Researchers use silicone wristbands to measure air quality

Shane McGlaun - Jul 25, 2021, 9:57am CDT
Researchers use silicone wristbands to measure air quality

There are all sorts of cheap silicone wristbands that people buy and wear today for style and to support various causes. Recently, scientists at Texas A&M University School of Public Health conducted a study and found that inexpensive devices like silicone wristbands can be used to yield qualitative air quality data. Researchers believe that type of data is particularly important for periods where people are more susceptible to pollutants, such as during pregnancy.

The team found that wristbands can be used as passive samplers and can bind smaller molecular weight semi-volatile polycyclic aromatic hydrocarbons (PAHs). PAHs are class chemicals that occur naturally in coal, crude oil, and gasoline. They’re also produced when coal, oil, gas, wood, garbage, and tobacco are burned. The wristbands could passively sample PAHs in a similar pattern as what is achieved in active sampling.

The study focused on pregnant women in Hildago County in South Texas. That area was chosen because of the increased prevalence of childhood asthma in the region and a higher rate of premature birth than the rest of the state. Specifically, the study aimed at quantifying maternal PAH exposure in pregnant women residing in McAllen, Texas.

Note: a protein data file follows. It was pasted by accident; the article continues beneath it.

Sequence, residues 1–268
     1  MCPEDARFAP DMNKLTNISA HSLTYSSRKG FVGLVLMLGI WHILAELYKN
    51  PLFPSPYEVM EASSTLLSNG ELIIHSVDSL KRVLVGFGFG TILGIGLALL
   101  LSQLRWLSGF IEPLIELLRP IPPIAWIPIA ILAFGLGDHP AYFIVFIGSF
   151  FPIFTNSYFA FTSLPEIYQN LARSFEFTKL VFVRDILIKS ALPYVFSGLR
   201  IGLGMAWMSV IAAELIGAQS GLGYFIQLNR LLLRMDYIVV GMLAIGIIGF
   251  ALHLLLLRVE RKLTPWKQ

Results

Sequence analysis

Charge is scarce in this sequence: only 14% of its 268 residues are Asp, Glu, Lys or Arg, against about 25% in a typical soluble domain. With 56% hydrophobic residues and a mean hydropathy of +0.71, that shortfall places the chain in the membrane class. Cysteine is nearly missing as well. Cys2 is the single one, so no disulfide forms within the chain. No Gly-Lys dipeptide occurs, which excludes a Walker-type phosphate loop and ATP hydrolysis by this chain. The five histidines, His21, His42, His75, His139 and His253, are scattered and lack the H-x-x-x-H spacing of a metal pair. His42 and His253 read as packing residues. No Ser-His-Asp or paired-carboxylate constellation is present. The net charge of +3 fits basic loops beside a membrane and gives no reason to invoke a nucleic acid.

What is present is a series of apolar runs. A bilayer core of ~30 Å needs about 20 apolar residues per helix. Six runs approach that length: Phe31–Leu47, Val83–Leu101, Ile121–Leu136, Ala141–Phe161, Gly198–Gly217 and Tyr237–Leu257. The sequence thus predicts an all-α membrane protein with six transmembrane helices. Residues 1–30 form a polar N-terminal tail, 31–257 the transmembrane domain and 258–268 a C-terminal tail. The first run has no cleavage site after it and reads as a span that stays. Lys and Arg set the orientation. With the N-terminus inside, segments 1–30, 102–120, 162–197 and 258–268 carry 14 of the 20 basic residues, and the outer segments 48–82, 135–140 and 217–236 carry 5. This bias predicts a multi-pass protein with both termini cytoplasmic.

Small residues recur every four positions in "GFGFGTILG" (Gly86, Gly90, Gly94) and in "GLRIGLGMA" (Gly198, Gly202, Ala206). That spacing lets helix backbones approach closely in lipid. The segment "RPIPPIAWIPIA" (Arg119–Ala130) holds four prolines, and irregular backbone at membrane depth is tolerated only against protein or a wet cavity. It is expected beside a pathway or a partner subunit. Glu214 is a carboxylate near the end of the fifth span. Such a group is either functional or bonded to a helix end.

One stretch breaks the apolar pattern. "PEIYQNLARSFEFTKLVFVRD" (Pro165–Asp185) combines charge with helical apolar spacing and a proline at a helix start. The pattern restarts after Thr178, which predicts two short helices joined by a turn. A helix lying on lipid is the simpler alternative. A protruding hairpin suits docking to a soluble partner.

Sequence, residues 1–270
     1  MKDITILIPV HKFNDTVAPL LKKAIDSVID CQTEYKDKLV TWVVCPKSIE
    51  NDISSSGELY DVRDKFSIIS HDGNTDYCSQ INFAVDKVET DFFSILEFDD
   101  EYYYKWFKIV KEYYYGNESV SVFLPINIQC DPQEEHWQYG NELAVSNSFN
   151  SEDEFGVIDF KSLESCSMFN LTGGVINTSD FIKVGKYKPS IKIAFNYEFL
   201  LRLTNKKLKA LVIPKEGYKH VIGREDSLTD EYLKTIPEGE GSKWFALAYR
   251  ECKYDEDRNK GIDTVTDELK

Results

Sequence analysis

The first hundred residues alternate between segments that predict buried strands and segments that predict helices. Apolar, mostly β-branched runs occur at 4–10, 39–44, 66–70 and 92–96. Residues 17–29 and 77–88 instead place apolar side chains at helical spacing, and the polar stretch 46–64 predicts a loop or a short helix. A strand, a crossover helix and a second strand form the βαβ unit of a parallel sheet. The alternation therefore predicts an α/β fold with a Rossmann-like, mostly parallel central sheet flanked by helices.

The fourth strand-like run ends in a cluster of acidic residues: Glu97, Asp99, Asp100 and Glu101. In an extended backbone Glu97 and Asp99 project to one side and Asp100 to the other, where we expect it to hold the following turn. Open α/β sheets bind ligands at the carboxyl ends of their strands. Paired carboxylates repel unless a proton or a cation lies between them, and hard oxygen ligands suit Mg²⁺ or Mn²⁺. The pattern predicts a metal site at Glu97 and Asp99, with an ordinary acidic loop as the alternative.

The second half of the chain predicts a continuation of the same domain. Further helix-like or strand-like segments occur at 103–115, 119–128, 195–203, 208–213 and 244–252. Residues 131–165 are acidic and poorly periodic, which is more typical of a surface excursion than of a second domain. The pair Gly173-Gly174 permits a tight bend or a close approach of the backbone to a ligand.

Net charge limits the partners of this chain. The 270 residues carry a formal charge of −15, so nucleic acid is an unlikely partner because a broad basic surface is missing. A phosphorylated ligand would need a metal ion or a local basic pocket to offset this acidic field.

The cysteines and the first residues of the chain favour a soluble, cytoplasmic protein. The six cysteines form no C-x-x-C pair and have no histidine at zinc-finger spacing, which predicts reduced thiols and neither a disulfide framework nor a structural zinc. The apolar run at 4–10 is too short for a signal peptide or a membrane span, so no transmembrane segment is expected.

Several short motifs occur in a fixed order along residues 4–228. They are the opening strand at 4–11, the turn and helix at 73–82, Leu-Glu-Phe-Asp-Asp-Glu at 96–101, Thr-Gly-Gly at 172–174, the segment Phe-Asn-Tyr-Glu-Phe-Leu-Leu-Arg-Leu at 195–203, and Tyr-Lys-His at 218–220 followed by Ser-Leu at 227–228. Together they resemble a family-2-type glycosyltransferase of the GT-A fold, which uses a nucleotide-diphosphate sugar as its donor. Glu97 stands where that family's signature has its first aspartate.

During the study, participants wore backpacks containing air sampling equipment. Silicone wristbands were also attached to each backpack. The equipment was worn for three consecutive 24-hour periods. The sampling equipment and wristbands were then analyzed for PAHs. Researchers point out that prenatal exposure to PAHs has been proven to impact the health of children adversely.

The team found patterns of detection are similar for low-molecular-weight compounds and that attaching the wristbands to the backpack strap is a good sampling design for evaluating conditions under which the wristbands can be used to quantify PAHs in the air. Researchers say the study supports that wristbands used as passive samplers can be helpful in future studies to evaluate adverse health outcomes for prenatal PAH exposure.


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